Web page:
There is further provided, in accordance with the present invention, a pre-recorded audio signal storage device which includes storage means for storing an input audio signal having identifiable characteristics, wherein at least one identifiable characteristic is gradually altered over at least a portion of the duration of the input signal so that the alteration is subliminal.
The details of the present invention will be revealed in the following description with reference to the attached drawings.
FIG. 1 is a schematic block diagram of the audio motivation apparatus of the present invention.
FIG. 2 is a partial schematic block diagram of a prior art audio play-back device.
FIG. 3 is a sample graph of the voltage output of the tempo control unit of the present invention.
FIG. 4 is a schematic block diagram of the tempo control unit of the present invention.
FIG. 5 is a schematic diagram of the input control, program memory, control and tempo control units of the present invention.
FIG. 6a is a diagram of the "FIFO"words of the present invention.
FIG. 6b is a diagram of the "CONTROL" words of the present invention.
FIG. 7 is a graph of a representative ramp voltage utilized in the present invention.
FIG. 8 is a simple schematic block diagram of the function of the arithmetic logic unit of the present invention.
Since the invention resides primarily in the novel structure combination and the method of operation of well-known circuits and devices, and not in the specific detailed structure thereof, the structure, control, and arrangement of these well-known circuits and devices are illustrated in the drawings by use of readily understandable block representations and schematic diagrams, which show only the specific details pertinent to the present invention. This is done in order not to obscure the disclosure with structural details which will be readily apparent to those skilled in the art in view of the description herein. Also, various portions of this invention have been appropriately consolidated and simplified to stress those aspects most pertinent.
The audio motivation apparatus labeled 100 in FIG. 1 is an apparatus capable of carrying out the objects of the present invention. It is capable of audio/aural reproduction with tempo or volume changes which are so gradual over a time period or time periods that they are subliminal in nature. While linear subliminal changes are described below, curvilinear subliminal changes are also possible. The audio motivation apparatus 100 is a combination of a special subliminal control apparatus 101 and a prior art audio play-back device 112, and may be constructed as one physical unit, or the subliminal control apparatus 101 may be in the form of a removal module which when not connected to the audio play-back apparatus, allows the the audio play-back device to function in a typical prior art fashion. The audio play-back device can be almost any device capable of reproducing recordings, including but not limited to, tape (analog and digital) players, compact disk (CD) players, phonograph record players, recording organs, music boxes and radios, or those employing non-movable media devices such as random access memories (RAMs), read only memories (ROMs) or programmable read only memories (PROMs), for audio signal storage. The user may conveniently change an audio program or library of audio programs by inserting/engaging the appropriate storage device.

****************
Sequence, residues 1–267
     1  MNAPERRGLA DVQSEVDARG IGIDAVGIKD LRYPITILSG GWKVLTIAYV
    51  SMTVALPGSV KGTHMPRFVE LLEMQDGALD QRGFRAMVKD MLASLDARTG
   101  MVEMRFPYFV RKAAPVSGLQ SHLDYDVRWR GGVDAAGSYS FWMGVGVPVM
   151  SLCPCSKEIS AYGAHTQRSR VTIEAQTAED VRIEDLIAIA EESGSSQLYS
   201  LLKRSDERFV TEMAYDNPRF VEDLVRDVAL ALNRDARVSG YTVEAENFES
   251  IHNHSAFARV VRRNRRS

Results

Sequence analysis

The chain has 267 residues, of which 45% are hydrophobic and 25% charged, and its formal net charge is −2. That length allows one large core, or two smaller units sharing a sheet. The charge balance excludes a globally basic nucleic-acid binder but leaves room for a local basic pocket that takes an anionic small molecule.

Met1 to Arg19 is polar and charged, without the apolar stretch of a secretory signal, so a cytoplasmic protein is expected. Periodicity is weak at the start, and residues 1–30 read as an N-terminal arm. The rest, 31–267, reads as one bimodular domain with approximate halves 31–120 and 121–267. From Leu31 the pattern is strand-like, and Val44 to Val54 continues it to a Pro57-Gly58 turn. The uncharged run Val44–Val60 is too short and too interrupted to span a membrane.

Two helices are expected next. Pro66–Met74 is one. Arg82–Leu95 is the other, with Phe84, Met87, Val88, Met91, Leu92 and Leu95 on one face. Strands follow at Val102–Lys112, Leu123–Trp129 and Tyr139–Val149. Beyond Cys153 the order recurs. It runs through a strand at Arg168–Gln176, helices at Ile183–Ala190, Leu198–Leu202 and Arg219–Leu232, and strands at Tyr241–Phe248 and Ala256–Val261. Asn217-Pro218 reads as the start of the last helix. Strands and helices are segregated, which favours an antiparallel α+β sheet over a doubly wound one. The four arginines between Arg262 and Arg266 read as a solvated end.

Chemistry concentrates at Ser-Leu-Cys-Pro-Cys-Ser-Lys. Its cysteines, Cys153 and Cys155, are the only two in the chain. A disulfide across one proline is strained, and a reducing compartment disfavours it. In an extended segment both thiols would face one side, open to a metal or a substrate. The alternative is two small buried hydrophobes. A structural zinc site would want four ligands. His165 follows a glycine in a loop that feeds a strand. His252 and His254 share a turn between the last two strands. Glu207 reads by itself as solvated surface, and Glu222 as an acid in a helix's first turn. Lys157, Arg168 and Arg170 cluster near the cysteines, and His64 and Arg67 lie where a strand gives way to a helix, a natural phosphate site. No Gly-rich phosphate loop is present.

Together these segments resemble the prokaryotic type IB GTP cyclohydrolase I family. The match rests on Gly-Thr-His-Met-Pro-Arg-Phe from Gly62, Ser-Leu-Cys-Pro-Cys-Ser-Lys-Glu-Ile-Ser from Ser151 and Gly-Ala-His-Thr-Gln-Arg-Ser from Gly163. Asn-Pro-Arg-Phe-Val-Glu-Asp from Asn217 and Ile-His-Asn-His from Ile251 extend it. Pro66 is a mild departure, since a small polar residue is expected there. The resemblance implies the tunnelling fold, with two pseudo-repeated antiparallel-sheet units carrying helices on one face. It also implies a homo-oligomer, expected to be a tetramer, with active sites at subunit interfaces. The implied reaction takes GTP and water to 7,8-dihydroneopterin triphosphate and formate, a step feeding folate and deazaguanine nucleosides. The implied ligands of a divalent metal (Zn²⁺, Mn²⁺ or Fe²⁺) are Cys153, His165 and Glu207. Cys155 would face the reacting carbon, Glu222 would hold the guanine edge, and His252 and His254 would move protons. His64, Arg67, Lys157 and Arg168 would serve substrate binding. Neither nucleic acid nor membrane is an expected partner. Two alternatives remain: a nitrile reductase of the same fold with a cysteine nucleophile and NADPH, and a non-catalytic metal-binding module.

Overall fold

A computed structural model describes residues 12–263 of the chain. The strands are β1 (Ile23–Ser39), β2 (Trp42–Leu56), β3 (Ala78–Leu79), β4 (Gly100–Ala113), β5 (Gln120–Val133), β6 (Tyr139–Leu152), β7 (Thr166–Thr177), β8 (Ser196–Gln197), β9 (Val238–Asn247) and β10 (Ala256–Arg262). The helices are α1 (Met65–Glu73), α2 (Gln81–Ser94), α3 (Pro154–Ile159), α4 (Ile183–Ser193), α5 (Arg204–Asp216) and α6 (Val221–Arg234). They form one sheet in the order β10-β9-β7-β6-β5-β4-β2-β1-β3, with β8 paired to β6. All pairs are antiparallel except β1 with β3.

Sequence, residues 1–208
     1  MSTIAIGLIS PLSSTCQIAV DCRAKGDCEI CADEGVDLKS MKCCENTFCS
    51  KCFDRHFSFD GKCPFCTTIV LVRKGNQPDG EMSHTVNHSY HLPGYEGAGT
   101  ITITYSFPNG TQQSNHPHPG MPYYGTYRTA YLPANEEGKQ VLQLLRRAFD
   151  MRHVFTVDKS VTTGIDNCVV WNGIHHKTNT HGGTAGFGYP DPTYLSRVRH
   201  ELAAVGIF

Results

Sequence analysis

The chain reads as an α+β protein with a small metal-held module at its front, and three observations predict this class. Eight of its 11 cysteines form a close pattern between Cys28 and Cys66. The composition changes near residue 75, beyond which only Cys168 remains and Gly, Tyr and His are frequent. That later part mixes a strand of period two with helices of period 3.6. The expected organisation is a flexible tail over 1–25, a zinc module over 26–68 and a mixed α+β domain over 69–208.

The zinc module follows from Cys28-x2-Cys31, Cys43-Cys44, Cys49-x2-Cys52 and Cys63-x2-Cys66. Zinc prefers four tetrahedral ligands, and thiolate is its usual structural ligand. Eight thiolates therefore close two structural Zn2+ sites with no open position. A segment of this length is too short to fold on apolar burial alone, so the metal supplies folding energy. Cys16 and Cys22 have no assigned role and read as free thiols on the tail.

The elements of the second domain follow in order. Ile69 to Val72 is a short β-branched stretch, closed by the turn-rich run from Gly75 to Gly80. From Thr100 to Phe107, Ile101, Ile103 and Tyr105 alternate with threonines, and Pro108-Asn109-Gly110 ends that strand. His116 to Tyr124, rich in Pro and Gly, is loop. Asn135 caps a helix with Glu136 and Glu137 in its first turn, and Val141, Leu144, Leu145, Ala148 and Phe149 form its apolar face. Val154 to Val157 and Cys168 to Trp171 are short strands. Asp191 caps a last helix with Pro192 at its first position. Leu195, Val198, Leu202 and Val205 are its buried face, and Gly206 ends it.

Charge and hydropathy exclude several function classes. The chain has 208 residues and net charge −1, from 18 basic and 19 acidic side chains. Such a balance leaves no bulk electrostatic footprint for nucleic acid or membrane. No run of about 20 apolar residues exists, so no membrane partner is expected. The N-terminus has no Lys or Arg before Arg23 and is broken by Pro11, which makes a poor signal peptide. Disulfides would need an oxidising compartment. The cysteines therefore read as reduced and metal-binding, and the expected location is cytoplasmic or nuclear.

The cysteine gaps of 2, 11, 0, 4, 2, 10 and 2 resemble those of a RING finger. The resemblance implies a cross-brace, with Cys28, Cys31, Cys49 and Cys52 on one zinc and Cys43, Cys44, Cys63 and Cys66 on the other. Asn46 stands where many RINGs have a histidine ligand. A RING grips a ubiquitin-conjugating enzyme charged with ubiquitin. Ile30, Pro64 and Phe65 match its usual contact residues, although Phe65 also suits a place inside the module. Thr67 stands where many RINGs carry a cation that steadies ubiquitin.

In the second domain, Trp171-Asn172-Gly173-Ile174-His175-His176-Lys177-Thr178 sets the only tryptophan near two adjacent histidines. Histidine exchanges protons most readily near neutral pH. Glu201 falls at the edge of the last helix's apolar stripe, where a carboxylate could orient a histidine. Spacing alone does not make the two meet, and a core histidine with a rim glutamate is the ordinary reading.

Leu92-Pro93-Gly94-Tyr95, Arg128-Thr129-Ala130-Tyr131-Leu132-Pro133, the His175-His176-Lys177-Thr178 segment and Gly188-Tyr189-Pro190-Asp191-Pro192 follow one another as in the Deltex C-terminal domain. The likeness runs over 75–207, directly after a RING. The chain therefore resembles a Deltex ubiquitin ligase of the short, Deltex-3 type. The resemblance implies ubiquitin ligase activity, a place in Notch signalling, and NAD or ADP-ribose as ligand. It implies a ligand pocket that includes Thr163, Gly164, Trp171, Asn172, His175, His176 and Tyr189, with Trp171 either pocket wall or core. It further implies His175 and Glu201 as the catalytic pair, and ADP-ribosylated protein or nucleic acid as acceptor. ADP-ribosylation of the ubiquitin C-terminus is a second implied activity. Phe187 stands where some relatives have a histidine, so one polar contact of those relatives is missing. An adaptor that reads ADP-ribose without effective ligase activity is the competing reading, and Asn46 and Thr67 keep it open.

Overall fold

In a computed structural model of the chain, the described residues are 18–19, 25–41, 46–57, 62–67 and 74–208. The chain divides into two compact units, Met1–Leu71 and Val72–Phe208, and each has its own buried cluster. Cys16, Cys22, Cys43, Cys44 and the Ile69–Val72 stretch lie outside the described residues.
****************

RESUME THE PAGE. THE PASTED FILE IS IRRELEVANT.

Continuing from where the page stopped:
Music of all types can be used, although band or orchestra music has some advantages for some forms of physical activity. Additionally, the audio stimuli can be in the form of rhythmic notes or beats (cadence indicia) to which the user may synchronize his or her movements. The beats may be pre-recorded, or they may be isolated from music using prior art filtering techniques by slightly modifying the present circuit. Whether analog or digital (such as ROMs), the audio signal can take on many forms, such as a standard medically prescribed program, a standard physical exercise program, or one which establishes safety limits for an individual user.
The audio motivation apparatus 100 includes a control unit (CU) 104, an input control unit (ICU) 106, a program memory unit (PMU) 108, a tempo control unit (TCU) 110 and the previously mentioned audio play-back device or music player (MP) 112. The CU 104 controls the overall operation of the apparatus 100 by providing control and timing signals to the other components of the subliminal control apparatus 101. The ICU 106 contains a series of electronic switches accessible by the user to program the subliminal control apparatus 101. The PMU 108 can store several separate programs created by the user for introducing subliminal changes to the audio stimuli produced by the MP 112 during an exercise routine or routines. In response to a stored program, the TCU 110 outputs all of the control voltages needed to control and subliminally alter the output audio signal.
A brief description of the MP 112 (of the tape variety) shown in FIG. 2 will now be given. A tape containing the audio signal (not shown) is driven past magnetic tape heads 214 by a drive motor (DM) 206 at a normal constant speed when connected to a power source Eo via lines 210 and 211. The DM 206 or driver means includes a motor and appropriate mechanical gears, as is well known in the art. The drive speed is varied by changing the motor speed and/or by changing a gearing ratio. The signal output by the tape heads 214 is amplified by an amplifier 216. The amplified signal is converted to an aural (audible) signal by speakers or transducers 218. Various controls 212 represent "play", "stop", "fast forward" and "reverse" modes of the MP 112. The modes are determined by the level and sign of the voltage placed upon the DM 206 in relation to the voltage of the power source Eo. If Vmo is the voltage drop across the DM 206 for the normal "play" mode (where Vmo<Eo), a voltage greater than Vmo is associated with the "fast forward" mode, and a negative voltage is associated with the "reverse" mode, for example.